New Lenox SD 122 leaving special ed co-op
BY SUSAN DEMAR LAFFERTY email@example.com December 6, 2013 9:08PM
Updated: January 9, 2014 6:49AM
By next school year, New Lenox School District 122 will complete what it started a few years ago — withdrawing from the Lincoln-Way Area Special Education District 843 Cooperative.
As expected, all members of the co-op — Manhattan District 114, Mokena District 159, Frankfort District 157C and Summit Hill District 161 — approved District 122’s withdrawal last month, along with the district 843 and 122 boards.
“There will be no change in the level of service,” District 843 director Sally Bintz said, but the agreement “redefines” the partnership that the district has had with District 122.
District 122 will continue to provide space for the co-op’s Social Emotional Learning Foundation, or SELF, program at Oster-Oakview Elementary and Liberty Junior High schools and will continue to use the co-op’s bus service.
District 122 students will be allowed to use the co-op’s programs but will pay a non-member tuition rate that’s 10 percent more. Those currently in co-op programs would be grandfathered in, but future students would be admitted as space permits, Bintz said.
The district also is obligated to pay for any outstanding co-op debts and contracts that it was a part of.
District 122 has 25 students enrolled in District 843 programs, and that number will drop only slightly, said Liza Bruni, District 122’s director of pupil personnel services.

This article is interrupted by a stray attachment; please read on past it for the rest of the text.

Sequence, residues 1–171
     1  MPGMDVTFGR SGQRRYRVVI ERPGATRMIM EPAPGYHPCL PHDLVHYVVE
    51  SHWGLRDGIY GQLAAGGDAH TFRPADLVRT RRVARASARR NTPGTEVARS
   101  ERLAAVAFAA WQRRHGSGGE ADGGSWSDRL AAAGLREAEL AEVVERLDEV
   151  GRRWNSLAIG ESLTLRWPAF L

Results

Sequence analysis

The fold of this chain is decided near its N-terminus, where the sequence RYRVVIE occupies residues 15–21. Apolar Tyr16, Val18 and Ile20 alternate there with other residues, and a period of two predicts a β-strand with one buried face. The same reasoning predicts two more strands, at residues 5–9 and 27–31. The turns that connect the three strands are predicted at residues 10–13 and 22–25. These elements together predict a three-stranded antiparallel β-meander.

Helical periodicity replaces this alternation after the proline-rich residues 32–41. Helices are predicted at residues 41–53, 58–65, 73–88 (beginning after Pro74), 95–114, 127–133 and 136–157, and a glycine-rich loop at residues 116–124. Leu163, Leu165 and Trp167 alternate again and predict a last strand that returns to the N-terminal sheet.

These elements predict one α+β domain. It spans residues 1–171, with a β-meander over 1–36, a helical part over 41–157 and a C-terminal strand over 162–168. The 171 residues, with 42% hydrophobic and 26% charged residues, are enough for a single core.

District 122 officials announced in January that the district would withdraw from the co-op by July 2014. Since 2004, the district has taken back one program at a time, Bruni said, and this school year it took over more of the co-op’s responsibilities “so it would not be so overwhelming next year.”
This school year, District 122 has handled its private placement for students, developmental kindergarten program, early childhood evaluations and screenings, adaptive physical education program and file management. Next school year, it will have its own occupational and physical therapists and will create a multi-needs class and adaptive instruction class, Bruni said.
“Those who will transition here are excited to have the opportunity,” she said. “Parents want their students in our buildings and closer to home.”
District 122 will hire additional therapists, social workers and teachers for next school year, but even with the added employees, the district will realize a savings by withdrawing from the co-op, Bruni said.
“The agreement represents the best interests of both the co-op and District 122,” the co-op’s Bintz said. “This reaffirms that even though they are withdrawing, they still need our services.”
She said the co-op’s niche is providing “low-incidence programs” where there are low numbers of students who have significant medical and communication needs.
In recent years, school districts have taken over other services offered by the co-op, including speech and language services.
The fee structure of the co-op will change for the remaining districts, which will now pay for services they use rather than the number of students served.